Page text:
In light of the rapid increase in the antimicrobial resistance of A. baumannii, limited choice of antimicrobial agents and multiple complicated risk factors associated with its high mortality, it is important to identify good parameters for evaluating therapeutic responses to new or combination regimens in well controlled clinical studies [3], [4], [9]. In this study, we established an Oxa-51 quantitative real-time PCR assay to measure A. baumannii loads in blood from patients with A. baumannii bacteremia. Compared with the survivors, the nonsurvivors had higher maximum Oxa-51 DNA load and an increased trend from day 0 to day 3; both parameters and the single day measurement of Oxa-51 DNA on day 3, the day when blood culture reports were available from most clinical laboratories, were independent predictors for mortality by multivariate analysis (Table 2). To our knowledge, this is the first report demonstrating high A. baumannii loads in blood were associated with mortality. Moreover, nonsurvivors receiving appropriate antibiotics showed a trend of less increase in Oxa-51 DNA during the empirical period compared with those receiving inappropriate antibiotics, suggesting that monitoring Oxa-51 DNA load in blood could provide simple and direct parameters for evaluating therapeutic response of A. baumannii bacteremia in future clinical trials.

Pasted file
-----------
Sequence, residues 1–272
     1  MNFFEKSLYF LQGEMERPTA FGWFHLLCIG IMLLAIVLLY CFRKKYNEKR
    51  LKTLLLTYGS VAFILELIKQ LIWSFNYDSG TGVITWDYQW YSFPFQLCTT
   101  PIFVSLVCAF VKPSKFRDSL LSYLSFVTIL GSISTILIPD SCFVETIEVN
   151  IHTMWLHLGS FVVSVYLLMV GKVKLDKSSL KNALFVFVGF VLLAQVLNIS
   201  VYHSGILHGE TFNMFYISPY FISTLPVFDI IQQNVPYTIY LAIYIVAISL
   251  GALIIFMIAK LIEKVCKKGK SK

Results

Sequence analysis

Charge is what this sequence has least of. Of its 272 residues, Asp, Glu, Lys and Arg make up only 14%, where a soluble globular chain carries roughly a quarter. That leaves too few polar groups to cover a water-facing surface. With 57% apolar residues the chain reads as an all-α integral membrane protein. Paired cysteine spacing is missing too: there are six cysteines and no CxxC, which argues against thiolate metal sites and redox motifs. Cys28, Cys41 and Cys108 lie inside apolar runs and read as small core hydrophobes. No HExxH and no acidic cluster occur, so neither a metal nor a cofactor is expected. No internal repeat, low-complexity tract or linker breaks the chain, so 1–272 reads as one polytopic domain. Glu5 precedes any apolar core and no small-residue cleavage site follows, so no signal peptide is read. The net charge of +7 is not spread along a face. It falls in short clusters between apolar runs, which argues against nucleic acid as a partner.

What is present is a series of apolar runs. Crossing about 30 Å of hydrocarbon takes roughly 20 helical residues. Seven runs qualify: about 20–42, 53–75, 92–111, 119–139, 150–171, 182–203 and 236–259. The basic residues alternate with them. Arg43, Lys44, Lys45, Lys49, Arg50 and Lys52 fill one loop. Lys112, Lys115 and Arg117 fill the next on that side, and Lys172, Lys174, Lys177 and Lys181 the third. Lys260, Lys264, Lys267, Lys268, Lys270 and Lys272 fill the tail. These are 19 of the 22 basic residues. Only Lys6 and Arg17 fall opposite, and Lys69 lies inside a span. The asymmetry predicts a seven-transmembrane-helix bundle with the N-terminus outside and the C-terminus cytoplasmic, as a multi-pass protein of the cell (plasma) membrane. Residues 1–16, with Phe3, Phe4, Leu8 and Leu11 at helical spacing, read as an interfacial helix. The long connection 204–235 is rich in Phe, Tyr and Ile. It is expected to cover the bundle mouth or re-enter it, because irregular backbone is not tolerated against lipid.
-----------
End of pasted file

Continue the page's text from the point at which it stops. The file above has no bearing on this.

Several risk factors for mortality of A. baumannii bacteremia have been identified by different studies, such as septic shock [11], [14], high Pitt bacteremia score [15], immunosuppressant [11], [15], age, recent surgery, acute respiratory failure, acute renal failure [11], McCabe score, ventilator usage [14], disseminated intravascular coagulation, and inappropriate antibiotics usage [5]. With one exception [5], the majority of these were retrospective studies, which might be potentially biased by retrospective recall. We carried out a prospective study and included all factors studied in the multivariate logistic regression analysis, and three independent factors, maximum Oxa-51 DNA, its change from day 0 to day 3 and Pitt bacteremia score were identified (Table 2). These findings suggest both bacterial and host factors are important. The possible role of appropriate empirical antibiotic therapy was suggested by the trend of less increase in Oxa-51 DNA in the subgroup of nonsurvivors who received appropriate antibiotics compared with those receiving inappropriate antibiotics (Figures 3B and 3C). Analysis of this subgroup and the survivors receiving appropriate empirical antibiotics, of which both had an indistinguishable trend of Oxa-51 DNA change (Figure 3C), revealed that SOFA score and platelet counts were different (P = 0.06 and 0.03, respectively, Mann-Whitney U test, two tailed), suggesting host factors play a key role in determining mortality in this subgroup. The importance of host factors was further suggested by comparing the left panels of Figures 3B and 3C, in which appropriate empirical antibiotics were strongly associated with decreasing Oxa-51 DNA load (P<0.001, Mann-Whitney U test, two tailed), however, all patients in both groups died. This might be due to host factors; most of our patients had high APACHE II score (interquartile range [IQR], 20.5–36), Charlson score (IQR, 2–6) and Pitt bacteremia score (IQR, 3–7) (Tables 1 and and2).2). Another bacterial factor, antimicrobial resistance, was also carefully examined. Although ERAB was significantly associated with mortality in the univariate analysis, it was not significant in the multivariate analysis (OR, 1.99; 95% CI, 0.21–18.71; P = 0.55) (Table 2). Similarly, sulbactam resistance was not significantly associated with mortality in the multivariate analysis (Table 2).